Prairie Sky site carefully selected
When asked why this site was chosen for the Prairie Sky Resource Centre (PSRC), the Prairie Sky project team provided a number of reasons for its selection.
“Geology was paramount in selecting the site,” said Project Manager Mike Gladstone. “Also important were having direct highway access, and finding communities open to new economic options and eager for job creation.”
Dave Poole of Dillon Consulting, Project Engineer for the project team, was interviewed further about the more important geological and hydrological requirements of the project site.
Does the site need to have suitable Geology?
“Absolutely - a modern waste disposal site needs to be on land with thick impermeable clay soils that act as a protective layer over any groundwater aquifers that may be present below.”
How do you find a site with suitable clay soils?
“We did an exhaustive review of geological data across southern Alberta that indicated that the impermeable clay soils in on the site exceed the criteria for this type of use. To gain more data, we have been conducting an extensive drilling program that began in September 2010 and still continues today.
The 60 m thick (200 feet) clay soils at the property exceed the regulatory requirements with Alberta Environment and are ideal to protect groundwater aquifers.”
You mentioned the term “groundwater aquifer”? What do you mean by that because people are rightly concerned about their drinking water quality?
Think of wood as the geological equivalent to the impermeable clay soils at the site. It is extremely difficult to squeeze wood with your hand to get any water out of it. This is the reason the drinking water wells on the site do not draw water from these clay soils.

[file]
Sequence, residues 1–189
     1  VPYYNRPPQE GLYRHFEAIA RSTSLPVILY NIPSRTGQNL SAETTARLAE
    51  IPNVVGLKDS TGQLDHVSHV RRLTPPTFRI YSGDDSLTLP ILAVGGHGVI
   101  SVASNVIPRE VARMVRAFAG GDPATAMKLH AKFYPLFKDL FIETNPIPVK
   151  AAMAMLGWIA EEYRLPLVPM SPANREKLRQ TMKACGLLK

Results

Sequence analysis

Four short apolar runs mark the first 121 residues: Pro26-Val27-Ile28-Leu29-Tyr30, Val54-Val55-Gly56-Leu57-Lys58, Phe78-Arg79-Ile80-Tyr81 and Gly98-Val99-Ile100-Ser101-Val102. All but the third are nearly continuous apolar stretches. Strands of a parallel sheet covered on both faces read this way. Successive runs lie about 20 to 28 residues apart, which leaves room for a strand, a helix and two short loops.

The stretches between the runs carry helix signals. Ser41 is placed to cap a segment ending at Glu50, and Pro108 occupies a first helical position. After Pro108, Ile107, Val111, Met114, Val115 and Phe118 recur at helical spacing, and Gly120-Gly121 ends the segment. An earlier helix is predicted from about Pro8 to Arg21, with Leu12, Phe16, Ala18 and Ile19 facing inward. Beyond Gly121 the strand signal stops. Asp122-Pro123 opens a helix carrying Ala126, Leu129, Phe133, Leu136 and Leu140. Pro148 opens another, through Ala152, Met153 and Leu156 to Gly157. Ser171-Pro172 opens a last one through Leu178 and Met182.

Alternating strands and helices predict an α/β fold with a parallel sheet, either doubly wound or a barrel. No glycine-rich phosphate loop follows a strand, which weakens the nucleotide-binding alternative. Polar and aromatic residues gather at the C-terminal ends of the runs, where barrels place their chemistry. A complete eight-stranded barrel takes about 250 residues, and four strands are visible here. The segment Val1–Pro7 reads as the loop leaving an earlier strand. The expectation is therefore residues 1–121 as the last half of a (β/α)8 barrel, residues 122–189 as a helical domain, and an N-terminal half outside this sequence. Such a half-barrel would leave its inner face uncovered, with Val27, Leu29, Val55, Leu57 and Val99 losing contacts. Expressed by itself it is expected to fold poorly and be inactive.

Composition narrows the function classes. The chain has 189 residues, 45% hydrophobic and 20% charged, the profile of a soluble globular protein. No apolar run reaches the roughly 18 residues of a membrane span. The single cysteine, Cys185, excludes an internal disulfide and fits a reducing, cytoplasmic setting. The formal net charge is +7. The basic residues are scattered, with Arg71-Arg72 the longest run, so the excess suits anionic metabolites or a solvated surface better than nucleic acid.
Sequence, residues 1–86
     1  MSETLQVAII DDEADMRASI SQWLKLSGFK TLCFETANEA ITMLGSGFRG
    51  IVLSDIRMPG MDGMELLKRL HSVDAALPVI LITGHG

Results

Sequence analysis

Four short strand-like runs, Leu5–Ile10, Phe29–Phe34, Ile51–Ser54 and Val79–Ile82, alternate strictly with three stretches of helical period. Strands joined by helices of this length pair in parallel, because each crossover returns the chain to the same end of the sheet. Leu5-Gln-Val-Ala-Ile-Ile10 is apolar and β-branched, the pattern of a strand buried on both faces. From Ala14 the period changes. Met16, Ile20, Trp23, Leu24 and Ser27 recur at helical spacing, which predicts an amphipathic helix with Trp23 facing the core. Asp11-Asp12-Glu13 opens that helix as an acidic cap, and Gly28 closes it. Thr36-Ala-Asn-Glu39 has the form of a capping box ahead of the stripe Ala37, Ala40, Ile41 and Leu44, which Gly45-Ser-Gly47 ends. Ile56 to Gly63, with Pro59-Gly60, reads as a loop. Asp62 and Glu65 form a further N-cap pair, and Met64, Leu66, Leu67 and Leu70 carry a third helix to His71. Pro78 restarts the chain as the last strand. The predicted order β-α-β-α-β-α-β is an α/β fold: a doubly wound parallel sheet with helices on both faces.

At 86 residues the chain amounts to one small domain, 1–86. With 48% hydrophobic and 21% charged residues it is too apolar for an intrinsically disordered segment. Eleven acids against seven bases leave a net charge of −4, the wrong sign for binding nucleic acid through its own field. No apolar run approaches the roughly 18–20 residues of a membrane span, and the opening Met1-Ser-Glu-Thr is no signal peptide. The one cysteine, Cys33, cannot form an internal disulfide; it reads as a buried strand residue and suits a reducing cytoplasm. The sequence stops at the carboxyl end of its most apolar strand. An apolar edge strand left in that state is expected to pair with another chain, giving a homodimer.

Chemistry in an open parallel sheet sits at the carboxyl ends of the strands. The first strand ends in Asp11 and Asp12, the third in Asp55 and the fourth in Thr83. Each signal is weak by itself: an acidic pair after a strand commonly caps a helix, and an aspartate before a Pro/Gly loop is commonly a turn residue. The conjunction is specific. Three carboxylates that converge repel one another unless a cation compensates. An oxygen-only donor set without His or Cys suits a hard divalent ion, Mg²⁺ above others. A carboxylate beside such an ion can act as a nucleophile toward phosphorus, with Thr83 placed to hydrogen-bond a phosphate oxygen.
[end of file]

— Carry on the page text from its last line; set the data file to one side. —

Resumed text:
A groundwater aquifer has to be located in soils that are more porous such as sands and gravels, or sandstone/limestone bedrock which is the geological equivalent to a sponge. The well on the site is over 250 feet (75 m) deep, and it sits in sand and gravel deposits. Remember that there is over 200 feet (60 m) of impermeable clay soils that are overtop of the well at the site.
The water people see at or near the surface is not the same water that they draw from their wells. It is difficult for the clay soils to absorb the water, but the thickness of these clay soils at the property provides that natural containment and is more than twice the thickness required by Alberta Environment.
Just like water cannot travel through wood, it cannot travel through these clay soils at the site. Not only will there not be any impact on the well on the site, there won’t be any impact on any wells off of the property either. As such, this area is ideal for our project site.”
The Prairie Sky team continues to emphasize the importance of transparency and respect for public concerns and questions. Feedback can be directed to the toll-free phone number (403-684-3621) or to question and comment forms available at www.prairieskycentre.com.